And speaking of eye-pleasing…
Delight them with a clean, user-friendly design
Alright, aesthetics control – how’s the whole thing lookin’?
Does your newsletter have enough breathing room between images, body content and sections? You want it to feel uncluttered and easy to read.
Let’s look at fonts: you don’t want to distract your readers with a plethora of different fonts in varying colours and sizes. Keep it simple, ideally with no more than two fonts. Keep the subheadings and body text - font, colour, size - consistent.
Once everything’s looking good and in shape, check it again. Test your emails in different browsers as they don’t all look the same. Open the email on different devices, see if the layout is what you want it to be on a smartphone.
Don’t forget about the alt text and plain text! Add alt text in case your images don’t load and to provide better UX for those who can’t see them clearly, with plain text for those whose browsers don’t support HTML. That way all your subscribers will still be able to read and click through to your content.
Guide your customer with a clear call to action
Let’s go back to the very beginning. What are you trying to accomplish with this newsletter? Ideally, what’s the outcome you’d like to see?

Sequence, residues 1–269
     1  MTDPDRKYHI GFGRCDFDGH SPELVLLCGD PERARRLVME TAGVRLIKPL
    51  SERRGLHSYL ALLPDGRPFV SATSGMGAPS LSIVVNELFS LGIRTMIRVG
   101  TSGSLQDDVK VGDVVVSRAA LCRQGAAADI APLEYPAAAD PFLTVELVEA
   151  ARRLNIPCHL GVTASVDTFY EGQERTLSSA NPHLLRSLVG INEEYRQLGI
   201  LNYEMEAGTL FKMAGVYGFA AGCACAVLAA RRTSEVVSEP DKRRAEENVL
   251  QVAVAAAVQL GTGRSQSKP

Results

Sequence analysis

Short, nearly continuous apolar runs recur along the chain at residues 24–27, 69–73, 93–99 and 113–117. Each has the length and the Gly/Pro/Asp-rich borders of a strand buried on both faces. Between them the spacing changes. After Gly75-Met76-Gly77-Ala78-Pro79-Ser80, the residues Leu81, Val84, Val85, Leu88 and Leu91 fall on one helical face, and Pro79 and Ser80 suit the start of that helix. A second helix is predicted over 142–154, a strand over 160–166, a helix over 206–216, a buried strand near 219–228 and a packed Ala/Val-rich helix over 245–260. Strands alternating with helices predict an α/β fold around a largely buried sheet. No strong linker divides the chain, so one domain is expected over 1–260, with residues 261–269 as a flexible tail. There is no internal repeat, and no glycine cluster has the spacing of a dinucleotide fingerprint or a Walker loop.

Establish a clear call to action and make it the focus point of the email. Make it simple for the reader and try not to have too many CTAs to avoid confusion. Don’t be afraid to blatantly ask them to buy your product, follow you on social media, or even just read your blog.
Finally, double and triple check all the links are working so that your customers can be smoothly directed to exactly where you want them to be.
Leave it behind
Not everything is newsworthy. Stuffing the newsletter is tempting, it shows off your company’s accomplishments and outstanding team culture… But that doesn’t mean you should do it. Sure, celebrate your accomplishments, but not every little internal musing will be interesting to your client base.
Think about what subscribers want from you. A bit less ‘look at us playing with branded paper airplanes around the office’ and definitely more ‘you should know we’ve started offering this – oh, and you might find this useful for your challenges.’
We want your clients to see and value your work. We want you to grow those luscious subscriber numbers. We want your email marketing to be a solid pillar in your marketing strategy.
Measure your success to check how awesomely you’re doing
All this won’t stick or present you with useful insights if you’re not measuring what you’re doing. Some of the metrics that indicate how your newsletters are doing include:
· List growth rate – how is your email list growing?
· Clickthrough rate
· Conversion rate – the percentage of recipients who clicked on one of your links
· Bounce rate – the percentage of emails that could not be successfully delivered
· Email shares or forwarding rate – the percentage of those who shared with a friend or posted to a social network
· The overall return on investment calculated by the amount of sales made vs campaign spend